We all know libraries are great resources for writing. What isn’t always considered, however, is the intense power of archives for creative writers. What separates archives from the rest of the materials kept in libraries is that the vast majority of archival materials are unpublished. We can only truly know them, the stories they contain, the bits of brilliant light, by spending some time with them. Though we know archives as essential to the fact-finding part of research, not everyone sees them as essential to the creative part. But there are stories in archives, stories waiting to be told, and wading through the records for these gems is the tragically beautiful part of archival research.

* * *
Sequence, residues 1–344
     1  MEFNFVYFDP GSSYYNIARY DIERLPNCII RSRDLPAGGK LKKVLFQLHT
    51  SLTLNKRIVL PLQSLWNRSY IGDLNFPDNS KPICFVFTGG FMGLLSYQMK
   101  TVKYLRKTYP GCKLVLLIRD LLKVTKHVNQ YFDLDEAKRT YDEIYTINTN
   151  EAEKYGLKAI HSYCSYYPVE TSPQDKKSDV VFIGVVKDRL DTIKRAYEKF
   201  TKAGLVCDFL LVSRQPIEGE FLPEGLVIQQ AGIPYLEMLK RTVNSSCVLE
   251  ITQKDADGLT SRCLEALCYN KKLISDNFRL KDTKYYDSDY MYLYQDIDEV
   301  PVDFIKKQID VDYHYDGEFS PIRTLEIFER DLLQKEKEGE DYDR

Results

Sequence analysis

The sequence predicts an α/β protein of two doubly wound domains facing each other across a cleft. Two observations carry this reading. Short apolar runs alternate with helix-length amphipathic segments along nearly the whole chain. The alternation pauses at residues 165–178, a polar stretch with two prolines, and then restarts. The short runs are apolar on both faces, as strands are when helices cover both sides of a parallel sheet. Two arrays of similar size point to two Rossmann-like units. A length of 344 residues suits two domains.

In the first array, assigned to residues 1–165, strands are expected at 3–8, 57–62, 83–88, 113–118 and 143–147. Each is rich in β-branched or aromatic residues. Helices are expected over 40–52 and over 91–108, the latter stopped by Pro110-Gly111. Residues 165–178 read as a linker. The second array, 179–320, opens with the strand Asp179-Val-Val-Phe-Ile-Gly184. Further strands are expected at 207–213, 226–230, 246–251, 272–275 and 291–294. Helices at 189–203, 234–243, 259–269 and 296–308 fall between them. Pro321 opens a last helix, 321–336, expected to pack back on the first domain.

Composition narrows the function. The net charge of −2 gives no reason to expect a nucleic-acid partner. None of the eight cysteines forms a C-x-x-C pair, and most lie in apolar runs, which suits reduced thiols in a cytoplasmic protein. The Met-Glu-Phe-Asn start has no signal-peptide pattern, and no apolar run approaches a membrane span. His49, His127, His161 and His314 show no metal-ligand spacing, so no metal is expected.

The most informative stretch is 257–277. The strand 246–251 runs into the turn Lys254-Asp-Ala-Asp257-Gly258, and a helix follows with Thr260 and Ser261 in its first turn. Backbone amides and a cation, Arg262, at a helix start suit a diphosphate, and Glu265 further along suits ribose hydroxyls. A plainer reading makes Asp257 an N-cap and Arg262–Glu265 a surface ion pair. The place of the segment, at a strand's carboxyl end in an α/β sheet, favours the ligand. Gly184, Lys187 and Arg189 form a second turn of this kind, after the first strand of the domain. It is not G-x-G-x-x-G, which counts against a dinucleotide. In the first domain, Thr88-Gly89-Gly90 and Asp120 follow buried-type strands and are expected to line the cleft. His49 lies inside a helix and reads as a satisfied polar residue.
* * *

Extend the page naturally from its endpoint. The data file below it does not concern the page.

“Music definitely informs my writing process. I played the piano throughout my youth and still do. I also played the French horn throughout high school and college, and I thought that was going to be my life—I thought I’d become a band director. That could’ve been a great life, but then in college, English got me, so I started down this road, and ended up double-majoring in English and history. But still, I love music. It’s probably one of the art forms we’re most comfortable with; it just informs so much of our lives. We sing along to the radio without thinking about it. But if we investigate those songs that matter to us? That can be a rich vein of material.”